The acral anomalies noted are oligodactyly, absent bilateral thumb, syndactyly and deformed, and fused carpal bones. Abdominal CT plain showed absent right kidney and normal position of the left kidney [Figure 1]. Further evaluation of the patient showed no cardiac abnormalities, no neurological abnormalities, no eye abnormalities, no spine abnormalities, and no lower limb deformities. CT brain plain and 2D echo were normal.

Figure 1:: Clinical photograph and X-ray wrist joint AP show oligodactyly, absent bilateral thumb, syndactyly and deformed, and fused carpal bones in both hands. Coronal section of plain CT abdomen showing normal position of the left kidney and right renal agenesis.

Case 2

He is the younger brother of Case 1, 19-year-old, and had no presenting complaints. The patient was found to have acral anomalies at birth, which included bilateral hypoplastic thumbs, oligodactyly, syndactyly, and deformed/fused carpal bones. On imaging, the patient was found to have left cross fused ectopia [Figure 2]. Serum urea and creatinine were normal. However, he also did not have any eye abnormalities, no facial deformities, no lower limb deformities, no cardiac abnormalities, and no neurological abnormalities.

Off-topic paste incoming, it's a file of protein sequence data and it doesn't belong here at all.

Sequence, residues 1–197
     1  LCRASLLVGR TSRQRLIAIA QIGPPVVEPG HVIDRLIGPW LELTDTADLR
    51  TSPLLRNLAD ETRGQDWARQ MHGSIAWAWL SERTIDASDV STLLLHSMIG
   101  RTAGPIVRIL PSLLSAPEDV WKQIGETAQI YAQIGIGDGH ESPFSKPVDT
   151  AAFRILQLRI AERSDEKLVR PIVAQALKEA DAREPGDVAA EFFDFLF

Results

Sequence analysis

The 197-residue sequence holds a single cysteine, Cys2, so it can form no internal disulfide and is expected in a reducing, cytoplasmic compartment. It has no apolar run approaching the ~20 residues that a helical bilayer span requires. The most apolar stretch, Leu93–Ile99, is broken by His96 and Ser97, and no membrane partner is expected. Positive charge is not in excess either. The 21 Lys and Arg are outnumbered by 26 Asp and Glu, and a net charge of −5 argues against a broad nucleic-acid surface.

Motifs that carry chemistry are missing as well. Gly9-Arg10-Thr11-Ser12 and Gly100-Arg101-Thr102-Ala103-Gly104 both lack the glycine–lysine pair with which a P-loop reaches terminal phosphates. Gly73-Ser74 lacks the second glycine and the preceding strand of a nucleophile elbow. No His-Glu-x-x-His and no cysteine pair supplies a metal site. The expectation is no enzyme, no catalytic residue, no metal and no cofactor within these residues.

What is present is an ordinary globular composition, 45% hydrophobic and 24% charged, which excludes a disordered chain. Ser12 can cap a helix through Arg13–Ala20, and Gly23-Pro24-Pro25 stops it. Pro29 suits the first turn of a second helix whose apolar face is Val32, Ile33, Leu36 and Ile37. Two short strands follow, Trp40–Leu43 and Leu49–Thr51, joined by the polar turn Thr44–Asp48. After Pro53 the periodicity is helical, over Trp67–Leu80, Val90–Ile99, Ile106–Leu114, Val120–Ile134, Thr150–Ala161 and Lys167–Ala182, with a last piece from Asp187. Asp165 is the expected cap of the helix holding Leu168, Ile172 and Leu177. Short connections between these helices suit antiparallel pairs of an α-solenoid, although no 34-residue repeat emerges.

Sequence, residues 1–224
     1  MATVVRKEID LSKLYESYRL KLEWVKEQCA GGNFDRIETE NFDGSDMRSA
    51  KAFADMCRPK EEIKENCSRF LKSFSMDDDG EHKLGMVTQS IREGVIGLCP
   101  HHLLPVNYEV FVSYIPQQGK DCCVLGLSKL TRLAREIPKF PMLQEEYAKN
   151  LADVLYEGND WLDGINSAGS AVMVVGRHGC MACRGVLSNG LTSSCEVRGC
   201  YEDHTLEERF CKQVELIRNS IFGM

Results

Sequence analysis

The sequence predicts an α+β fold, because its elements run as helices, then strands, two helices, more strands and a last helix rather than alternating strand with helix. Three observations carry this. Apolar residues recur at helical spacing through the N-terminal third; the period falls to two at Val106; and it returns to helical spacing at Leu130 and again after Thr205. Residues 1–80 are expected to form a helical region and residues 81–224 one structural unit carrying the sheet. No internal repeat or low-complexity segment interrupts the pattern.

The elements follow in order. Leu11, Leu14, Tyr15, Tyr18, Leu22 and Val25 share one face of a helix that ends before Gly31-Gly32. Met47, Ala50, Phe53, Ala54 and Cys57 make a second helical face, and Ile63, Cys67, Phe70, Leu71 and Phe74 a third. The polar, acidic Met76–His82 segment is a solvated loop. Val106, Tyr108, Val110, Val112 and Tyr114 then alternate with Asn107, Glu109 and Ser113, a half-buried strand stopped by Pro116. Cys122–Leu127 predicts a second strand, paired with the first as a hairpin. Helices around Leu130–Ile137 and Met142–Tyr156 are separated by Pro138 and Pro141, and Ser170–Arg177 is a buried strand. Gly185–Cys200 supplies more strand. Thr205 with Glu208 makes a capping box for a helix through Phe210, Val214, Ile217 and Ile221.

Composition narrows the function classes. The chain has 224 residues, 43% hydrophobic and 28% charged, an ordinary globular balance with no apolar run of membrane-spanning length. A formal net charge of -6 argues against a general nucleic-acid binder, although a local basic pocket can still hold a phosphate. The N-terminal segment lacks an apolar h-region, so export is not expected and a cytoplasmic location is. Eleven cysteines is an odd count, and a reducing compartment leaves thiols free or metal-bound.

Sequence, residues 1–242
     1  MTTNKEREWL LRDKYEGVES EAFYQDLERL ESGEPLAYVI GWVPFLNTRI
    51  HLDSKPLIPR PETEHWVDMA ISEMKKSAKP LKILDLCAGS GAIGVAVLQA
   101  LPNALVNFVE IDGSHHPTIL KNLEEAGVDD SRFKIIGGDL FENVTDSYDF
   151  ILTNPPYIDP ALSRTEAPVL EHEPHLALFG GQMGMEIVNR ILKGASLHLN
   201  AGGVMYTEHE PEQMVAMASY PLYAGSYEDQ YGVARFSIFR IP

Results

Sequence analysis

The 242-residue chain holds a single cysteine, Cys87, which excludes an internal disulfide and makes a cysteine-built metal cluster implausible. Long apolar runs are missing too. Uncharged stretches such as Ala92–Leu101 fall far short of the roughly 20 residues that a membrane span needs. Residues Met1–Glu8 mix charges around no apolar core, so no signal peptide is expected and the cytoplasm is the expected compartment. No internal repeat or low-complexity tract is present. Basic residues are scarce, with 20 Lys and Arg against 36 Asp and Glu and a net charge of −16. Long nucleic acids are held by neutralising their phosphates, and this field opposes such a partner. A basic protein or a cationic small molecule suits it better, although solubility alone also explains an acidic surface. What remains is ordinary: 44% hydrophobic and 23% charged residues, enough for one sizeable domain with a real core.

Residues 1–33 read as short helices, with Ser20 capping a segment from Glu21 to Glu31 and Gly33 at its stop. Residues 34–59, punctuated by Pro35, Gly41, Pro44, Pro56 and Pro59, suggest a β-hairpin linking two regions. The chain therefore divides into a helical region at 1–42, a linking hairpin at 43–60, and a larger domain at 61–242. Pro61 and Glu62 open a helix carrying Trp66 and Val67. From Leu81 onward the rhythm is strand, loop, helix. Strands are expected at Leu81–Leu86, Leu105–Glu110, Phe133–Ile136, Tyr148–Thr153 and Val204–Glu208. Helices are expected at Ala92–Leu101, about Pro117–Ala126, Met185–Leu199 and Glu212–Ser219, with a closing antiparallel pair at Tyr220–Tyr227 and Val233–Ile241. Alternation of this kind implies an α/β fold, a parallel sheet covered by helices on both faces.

Figure 2:: Clinical photograph and X-ray wrist joint AP show oligodactyly, absent bilateral thumb, syndactyly and deformed, and fused carpal bones in both hands. Sagittal section of plain CT abdomen showing cross-fused ectopia.

On further inquiry, we found that the patient’s sister, who is younger to him also has acral abnormalities. Other than these three, three other people in the family, the propositus’s father, paternal uncle and paternal aunt also had acral abnormalities, and all three have died. His father had two renal transplants and paternal uncle also had a renal transplant. Eye abnormalities could not be evaluated in other cases in the family except the propositus and his brother.


The incidence of renal and acral anomalies occurring together was first described by Dieter and Opitz in 1969.[2-4] The term acrorenal syndrome in such cooccurrences was first used by Curran and Curran in 1972.[3] The constellation of acral, renal, and eye anomalies represents a distinct autosomal dominant trait of variable expressivity in this syndrome.[4,5] Embryological fact is that development of all these organs is considered to be completed in the 6−8th week of embryogenesis.[6]